By Greg Markley
On July 30, 1996, I went to the XXVI Summer Olympics in Atlanta, but not to watch great athletes compete. Nor was I there to enjoy the festival-like atmosphere. I was at Centennial Park, where four days earlier, a bomb killed two people and injured more than 100 others. I drove the 101 miles from Opelika for a more serious reason: To show that we as Americans will not be afraid when madmen or madwomen attack us.
This column will deal with “fake news” and study how we can pluck out from the web, broadcast media, and print items that appear to be false. I will discuss how to separate spurious and deceitful items from honest ones. For a spell, I will use the Richard Jewell case as an example of “fake news” or dishonest communications that can brutally hurt the subject and his or her family.
On July 30, 1996, readers all across town heard that Richard Jewell was said by the Atlanta Journal-Constitution to be a suspect in the bombing. Earlier, Jewell was considered a hero after locating the backpack that held the bomb. Jewell denied any role in the bombing and was cleared of wrongdoing 88 days later. In a recent film called Richard Jewell, the security guard’s lawyer tells him: “Your accusers are two of the most powerful forces in the world–The United States government and the media.”
In Jewell’s case, “fake news” elements included that he planted the bomb and went away from his assigned area to avoid the blast; that he and his best friend were gay and jointly did the bombing; and that since he had 7 or 8 rifles and guns he must be the bomber. When did owning a modest gun collection automatically mean someone is a danger to society? That’s silly.
None of those assertions was true. They came about because of a leaked comment by a FBI agent to an aggressive reporter. And the Bureau never acknowledged if they had other suspects. The killer, Eric Rudolph, was not on the FBI’s radar until another bombing occurred.
What happened to Jewell was a “media circus” that should not have happened.
As for “fake news,” Jonathan Bailey is a consultant for Plagiarism Today. He says “The good news is that, whether you’re researching a class paper or just scrolling through social media, spotting false news is fairly easy.” Bailey added, “All it takes is a bit of critical thinking and a willingness to do further research.” He has 5 tips I will write samples for based on where we are living.
It’s always necessary to check the source. Which one of these relates to us- – www.eng.auburn.edu/.ua https://www.eng.auburn.edu/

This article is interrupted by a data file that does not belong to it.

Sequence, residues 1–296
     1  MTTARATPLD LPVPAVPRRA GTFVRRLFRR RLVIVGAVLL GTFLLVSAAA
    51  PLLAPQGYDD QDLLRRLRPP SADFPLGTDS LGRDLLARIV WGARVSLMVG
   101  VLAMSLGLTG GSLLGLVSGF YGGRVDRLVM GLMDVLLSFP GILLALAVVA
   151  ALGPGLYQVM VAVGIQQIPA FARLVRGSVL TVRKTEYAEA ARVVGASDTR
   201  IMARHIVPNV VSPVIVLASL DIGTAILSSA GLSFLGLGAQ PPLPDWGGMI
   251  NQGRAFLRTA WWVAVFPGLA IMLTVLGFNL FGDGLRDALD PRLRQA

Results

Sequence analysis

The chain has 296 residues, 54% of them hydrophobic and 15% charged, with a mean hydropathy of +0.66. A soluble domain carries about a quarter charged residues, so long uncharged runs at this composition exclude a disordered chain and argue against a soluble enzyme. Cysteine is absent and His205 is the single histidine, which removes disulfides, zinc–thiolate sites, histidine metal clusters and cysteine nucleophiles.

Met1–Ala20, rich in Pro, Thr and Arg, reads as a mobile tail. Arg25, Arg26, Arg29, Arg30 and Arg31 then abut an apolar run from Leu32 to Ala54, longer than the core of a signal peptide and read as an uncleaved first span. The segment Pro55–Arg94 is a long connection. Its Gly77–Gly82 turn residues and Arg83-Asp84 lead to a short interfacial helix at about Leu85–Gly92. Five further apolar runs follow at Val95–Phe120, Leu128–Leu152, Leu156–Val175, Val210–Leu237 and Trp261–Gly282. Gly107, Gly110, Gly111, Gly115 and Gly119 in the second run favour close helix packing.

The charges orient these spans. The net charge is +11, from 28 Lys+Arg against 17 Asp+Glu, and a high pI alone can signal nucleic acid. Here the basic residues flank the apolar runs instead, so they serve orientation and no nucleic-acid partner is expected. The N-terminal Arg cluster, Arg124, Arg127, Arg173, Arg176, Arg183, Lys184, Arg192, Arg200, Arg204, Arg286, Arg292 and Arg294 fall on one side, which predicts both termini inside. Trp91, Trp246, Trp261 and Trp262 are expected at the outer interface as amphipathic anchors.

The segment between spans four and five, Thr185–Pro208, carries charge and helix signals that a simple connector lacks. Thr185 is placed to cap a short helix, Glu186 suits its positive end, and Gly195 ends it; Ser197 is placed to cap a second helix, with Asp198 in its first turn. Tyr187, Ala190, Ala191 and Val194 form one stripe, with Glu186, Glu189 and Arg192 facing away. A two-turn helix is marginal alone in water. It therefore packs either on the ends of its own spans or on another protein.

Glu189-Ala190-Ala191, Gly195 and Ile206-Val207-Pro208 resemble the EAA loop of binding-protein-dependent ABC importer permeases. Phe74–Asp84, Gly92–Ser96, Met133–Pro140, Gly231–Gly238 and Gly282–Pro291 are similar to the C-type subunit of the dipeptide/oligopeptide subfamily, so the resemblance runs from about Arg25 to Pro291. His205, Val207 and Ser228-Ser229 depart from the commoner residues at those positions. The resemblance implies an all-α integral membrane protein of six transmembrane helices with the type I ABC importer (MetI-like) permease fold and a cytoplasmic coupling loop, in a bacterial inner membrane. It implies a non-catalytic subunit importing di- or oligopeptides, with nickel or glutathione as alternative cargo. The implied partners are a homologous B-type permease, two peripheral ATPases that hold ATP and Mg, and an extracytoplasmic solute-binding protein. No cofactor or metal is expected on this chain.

For a search for other sources, which of these below might pair well with a story that already has one source on the subject, which is Haley Center Catches On Fire; All Exams Cancelled Until Next Week (source: Associated Press).
- Choice #1: Opelika-Auburn News
- Choice #2: Huntsville Times
Next, to catch “fake news” if it’s there, investigate the article.
- Story #A: Latest on Fire (Dec. 5, 2019)
- Story #B: Latest on Fire (Dec. 2, 2019).
Now, our guidance is visit fact checking sites. Two of these are legitimate, catch the one that is NOT a fact-checker.
- No. #1: Politifact.com
- No. #2: Snopes.com
- Number #3: Scan Tron.com
Finally, When in doubt, stay away. Two of the three below are FAKE, try to discover which one is real.
- A. WOW Cable Channel Reduces Monthly Fees by 50%.
- B. WOW Offers $74.99 Monthly TV Bundles.
- C.) WOW Adds $20 Fee For Football Season.
Please do not allow “fake news” to grow in Auburn-Opelika area. Remember, for a 3 to 5 page paper, you will not have many items to check. Better to start being careful with your source integrity now, than when you are graduate students.
In the film Richard Jewell, which I give an “A-,” he said to a friend that “tomorrow I am going to Atlanta and there will be a mess.” The FBI agents were curious, because Jewell said that before the bombing. Instead, Jewell told the agents he meant “Going to Atlanta’s Mess—the traffic in Atlanta!” That’s something most of us can relate to.
Greg Markley has lived in Lee County for18 of the last 23 years. An award-winning journalist, he has master’s degrees in education and history. He has taught as an adjunct in Georgia and Alabama.